City Council passes resolution supporting Mass. State Ethics Commission, but vote is not unanimous
By Steve Freker
When you are looking at a city budget of $215 million, one salary of $105,000 annually does not stick out too much. But when you are talking about that being the annual salary of the City of Malden’s top executive post, it does command attention.
There has been one major constant in the top echelon of Malden municipal government for over a decade: Gary Christenson has been Mayor of Malden since January 1, 2012, after winning the election in November 2011. If reelected to another four-year term this November, he would be in line to become what is believed to be the longest-serving mayor in the city’s history. There’s another constant: When Mayor Christenson first took office on the first day of 2012, his annual salary was $105,000 annually.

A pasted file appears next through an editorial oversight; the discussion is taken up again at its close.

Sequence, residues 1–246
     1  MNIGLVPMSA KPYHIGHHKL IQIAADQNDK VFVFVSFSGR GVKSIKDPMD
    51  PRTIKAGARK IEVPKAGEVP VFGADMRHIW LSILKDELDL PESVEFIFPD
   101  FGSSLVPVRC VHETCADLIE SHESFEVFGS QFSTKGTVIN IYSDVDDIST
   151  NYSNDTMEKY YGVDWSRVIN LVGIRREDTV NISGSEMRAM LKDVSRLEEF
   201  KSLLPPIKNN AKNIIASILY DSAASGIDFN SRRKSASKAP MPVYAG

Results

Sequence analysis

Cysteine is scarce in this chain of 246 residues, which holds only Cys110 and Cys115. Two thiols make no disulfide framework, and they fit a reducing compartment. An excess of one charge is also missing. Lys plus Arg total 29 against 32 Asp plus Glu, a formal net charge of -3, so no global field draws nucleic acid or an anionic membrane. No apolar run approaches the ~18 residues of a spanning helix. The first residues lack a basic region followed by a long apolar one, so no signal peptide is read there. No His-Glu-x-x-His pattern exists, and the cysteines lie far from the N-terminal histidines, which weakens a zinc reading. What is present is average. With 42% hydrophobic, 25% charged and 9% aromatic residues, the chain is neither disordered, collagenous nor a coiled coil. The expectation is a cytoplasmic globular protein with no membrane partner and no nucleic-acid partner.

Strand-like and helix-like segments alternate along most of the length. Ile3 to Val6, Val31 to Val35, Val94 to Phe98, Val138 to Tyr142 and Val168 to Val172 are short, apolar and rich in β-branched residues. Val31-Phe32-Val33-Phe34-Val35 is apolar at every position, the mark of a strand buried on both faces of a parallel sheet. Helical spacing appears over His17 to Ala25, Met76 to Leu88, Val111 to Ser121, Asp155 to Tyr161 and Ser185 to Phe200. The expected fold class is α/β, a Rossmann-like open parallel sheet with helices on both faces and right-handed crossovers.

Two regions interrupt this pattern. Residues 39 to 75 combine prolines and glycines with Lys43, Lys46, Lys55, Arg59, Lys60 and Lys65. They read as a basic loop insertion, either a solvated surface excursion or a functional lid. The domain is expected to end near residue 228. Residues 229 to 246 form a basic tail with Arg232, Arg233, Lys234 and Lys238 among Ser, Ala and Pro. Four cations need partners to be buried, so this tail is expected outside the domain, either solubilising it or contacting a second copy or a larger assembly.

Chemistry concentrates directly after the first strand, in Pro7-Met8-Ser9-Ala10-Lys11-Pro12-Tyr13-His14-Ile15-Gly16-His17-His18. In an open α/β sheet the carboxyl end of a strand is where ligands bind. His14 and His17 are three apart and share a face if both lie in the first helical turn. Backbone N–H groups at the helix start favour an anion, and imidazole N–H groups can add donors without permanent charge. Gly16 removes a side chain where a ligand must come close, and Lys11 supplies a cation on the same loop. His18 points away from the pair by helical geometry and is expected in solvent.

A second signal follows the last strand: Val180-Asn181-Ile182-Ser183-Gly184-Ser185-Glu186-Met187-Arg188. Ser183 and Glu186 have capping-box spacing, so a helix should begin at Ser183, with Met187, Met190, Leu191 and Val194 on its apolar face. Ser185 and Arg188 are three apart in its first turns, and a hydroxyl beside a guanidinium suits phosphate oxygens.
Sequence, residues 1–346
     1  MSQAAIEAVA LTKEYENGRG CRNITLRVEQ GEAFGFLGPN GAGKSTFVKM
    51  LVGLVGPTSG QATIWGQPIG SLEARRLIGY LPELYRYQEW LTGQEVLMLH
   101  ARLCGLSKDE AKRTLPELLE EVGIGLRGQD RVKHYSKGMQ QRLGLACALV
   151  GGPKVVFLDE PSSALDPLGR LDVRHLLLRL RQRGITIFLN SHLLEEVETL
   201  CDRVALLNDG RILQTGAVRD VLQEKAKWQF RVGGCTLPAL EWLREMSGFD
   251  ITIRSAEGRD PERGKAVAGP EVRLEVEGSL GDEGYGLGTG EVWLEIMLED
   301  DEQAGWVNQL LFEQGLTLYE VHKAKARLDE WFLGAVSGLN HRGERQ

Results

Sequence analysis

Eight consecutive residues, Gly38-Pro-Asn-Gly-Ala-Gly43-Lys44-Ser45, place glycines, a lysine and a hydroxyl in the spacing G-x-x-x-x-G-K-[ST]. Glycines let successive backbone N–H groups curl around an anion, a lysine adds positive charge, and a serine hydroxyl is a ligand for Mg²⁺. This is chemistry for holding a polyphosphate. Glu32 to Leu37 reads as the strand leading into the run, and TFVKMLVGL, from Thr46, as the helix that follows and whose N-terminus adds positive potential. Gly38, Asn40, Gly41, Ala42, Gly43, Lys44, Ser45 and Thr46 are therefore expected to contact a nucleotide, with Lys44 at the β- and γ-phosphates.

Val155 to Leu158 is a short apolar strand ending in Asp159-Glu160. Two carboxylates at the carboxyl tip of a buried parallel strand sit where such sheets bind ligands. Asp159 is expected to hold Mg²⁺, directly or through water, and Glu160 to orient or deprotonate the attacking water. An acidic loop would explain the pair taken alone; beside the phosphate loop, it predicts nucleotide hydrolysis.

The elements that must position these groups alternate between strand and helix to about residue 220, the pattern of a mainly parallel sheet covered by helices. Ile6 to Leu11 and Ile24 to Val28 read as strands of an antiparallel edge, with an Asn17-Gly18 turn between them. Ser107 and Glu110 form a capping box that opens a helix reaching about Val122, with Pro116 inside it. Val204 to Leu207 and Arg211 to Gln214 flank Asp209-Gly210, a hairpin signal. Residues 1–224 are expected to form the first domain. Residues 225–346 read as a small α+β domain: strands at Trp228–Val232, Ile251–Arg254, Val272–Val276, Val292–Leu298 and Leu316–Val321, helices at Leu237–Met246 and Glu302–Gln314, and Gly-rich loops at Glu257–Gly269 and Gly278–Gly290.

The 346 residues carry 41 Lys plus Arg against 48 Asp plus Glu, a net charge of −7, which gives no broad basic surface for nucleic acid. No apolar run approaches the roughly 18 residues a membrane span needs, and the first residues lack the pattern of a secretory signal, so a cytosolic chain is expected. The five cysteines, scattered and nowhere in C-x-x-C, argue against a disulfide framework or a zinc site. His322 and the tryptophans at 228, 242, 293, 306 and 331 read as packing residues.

Remarkably, today, Mayor Christenson’s annual salary remains unchanged: still $105,000 annually. At that figure, Malden’s Mayor is one of the lowest paid full-time municipal chief executives in Massachusetts, particularly for a city the size of Malden. Additionally, it is believed that Mayor Christenson is the only full-time employee of the several thousand in the city of Malden who has not received a pay increase since 2012. According to some quick research, the Mayor’s position and the pay rate of the 11 members of the Malden City Council ($17,500 annually) are the only pay rates in the entire city budget which have remained unchanged in the same time frame – since 2012.